Sometimes, the almanacs seemed to play along. In 2008, The Old Farmer’s Almanac published an article by Joseph D’Aleo, a “well-known climate change skeptic,” which proposed “another possible explanation for …. climate change” beyond human responsibility: sunspots. Once a common weather forecasting technique, the sunspot theory has since been seized by climate deniers to allege solar activity, not human emissions, is responsible for global temperature fluctuations.

“Studying these and other factors suggests that a cold, not warm, climate may be in our future,” D’Aleo went on under a headline that wondered, “Is Global Warming on the Wane?” The article was eventually even cited by Republican Senator James Inhofe in Congress against bills that would have addressed global warming, according to DeSmog.

When I asked for comment about this episode, though, The Old Farmer’s Almanac surprised me by seeming, well, embarrassed. “While it is true that The 2009 Old Farmer’s Almanac featured a story by Mr. D’Aleo, the Almanac’s editors do not agree with his opinions on climate change,” a spokesperson told me on behalf of the publication, adding that “many articles from previous editions of the Almanac make their way to our website; the fact that his article remained was an oversight. We have removed it.”

Sure enough, recent editions of The Old Farmer’s Almanac haven’t shied away from putting a name to warming trends. “Climate change is happening,” one orchardist is quoted as saying in an article from the 2023 Almanac, while a separate write-up on millet in the same issue states plainly that we’re living in “an era of climate change.” An item in the 2024 edition further frets that “climate change and rising temperatures” could imperil the diet of the Loch Ness Monster. (Before that disspirits you too much, the 2024 edition also explains that “average global temperatures [are steadily increasing] due to greenhouse gas emissions”).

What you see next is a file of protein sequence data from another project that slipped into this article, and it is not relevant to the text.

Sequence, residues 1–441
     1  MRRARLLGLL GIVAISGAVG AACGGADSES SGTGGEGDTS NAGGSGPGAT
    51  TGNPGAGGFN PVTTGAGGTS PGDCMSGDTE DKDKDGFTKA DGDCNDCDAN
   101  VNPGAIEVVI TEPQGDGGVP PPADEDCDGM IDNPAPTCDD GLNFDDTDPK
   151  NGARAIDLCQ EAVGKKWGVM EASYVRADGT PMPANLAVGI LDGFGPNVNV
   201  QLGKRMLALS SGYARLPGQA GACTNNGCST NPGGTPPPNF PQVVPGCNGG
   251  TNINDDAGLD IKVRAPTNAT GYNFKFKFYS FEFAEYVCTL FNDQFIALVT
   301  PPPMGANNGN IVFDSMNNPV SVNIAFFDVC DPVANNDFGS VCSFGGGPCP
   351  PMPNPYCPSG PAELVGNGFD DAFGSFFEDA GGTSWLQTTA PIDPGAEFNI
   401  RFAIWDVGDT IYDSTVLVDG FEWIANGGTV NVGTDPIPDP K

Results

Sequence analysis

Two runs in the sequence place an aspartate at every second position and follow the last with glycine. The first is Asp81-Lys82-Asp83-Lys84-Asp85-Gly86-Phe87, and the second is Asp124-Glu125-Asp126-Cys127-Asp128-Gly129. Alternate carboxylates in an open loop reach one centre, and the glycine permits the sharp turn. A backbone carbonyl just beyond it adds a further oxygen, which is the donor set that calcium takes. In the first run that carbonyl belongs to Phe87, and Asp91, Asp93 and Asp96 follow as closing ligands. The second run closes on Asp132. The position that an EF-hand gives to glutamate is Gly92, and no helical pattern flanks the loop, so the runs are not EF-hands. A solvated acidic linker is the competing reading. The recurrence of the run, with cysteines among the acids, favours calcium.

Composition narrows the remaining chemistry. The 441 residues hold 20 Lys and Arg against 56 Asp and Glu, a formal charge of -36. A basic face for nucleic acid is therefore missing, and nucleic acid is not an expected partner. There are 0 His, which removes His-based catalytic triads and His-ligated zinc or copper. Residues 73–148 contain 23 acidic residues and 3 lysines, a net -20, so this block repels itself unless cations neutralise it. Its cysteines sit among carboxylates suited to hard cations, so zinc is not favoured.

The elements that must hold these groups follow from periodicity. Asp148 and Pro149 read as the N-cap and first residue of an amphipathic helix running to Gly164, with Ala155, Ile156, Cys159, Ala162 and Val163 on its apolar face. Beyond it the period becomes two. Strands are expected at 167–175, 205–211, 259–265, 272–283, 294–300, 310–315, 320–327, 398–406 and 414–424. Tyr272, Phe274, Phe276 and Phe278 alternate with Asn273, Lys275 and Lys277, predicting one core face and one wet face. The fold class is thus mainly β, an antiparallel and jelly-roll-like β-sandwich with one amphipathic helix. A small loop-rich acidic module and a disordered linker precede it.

The Farmers’ Almanac is more proudly anti-science than The Old Farmer’s Almanac — dismissing, as it does, that newfangled “computer satellite tracking equipment” — and its editor, Peter Geiger, declined to comment for this article. Previously, though, Geiger told Topic in 2018 that “I won’t get into the battle about global warming because I think it becomes a political debate,” though, of course, the omission is its own kind of commentary.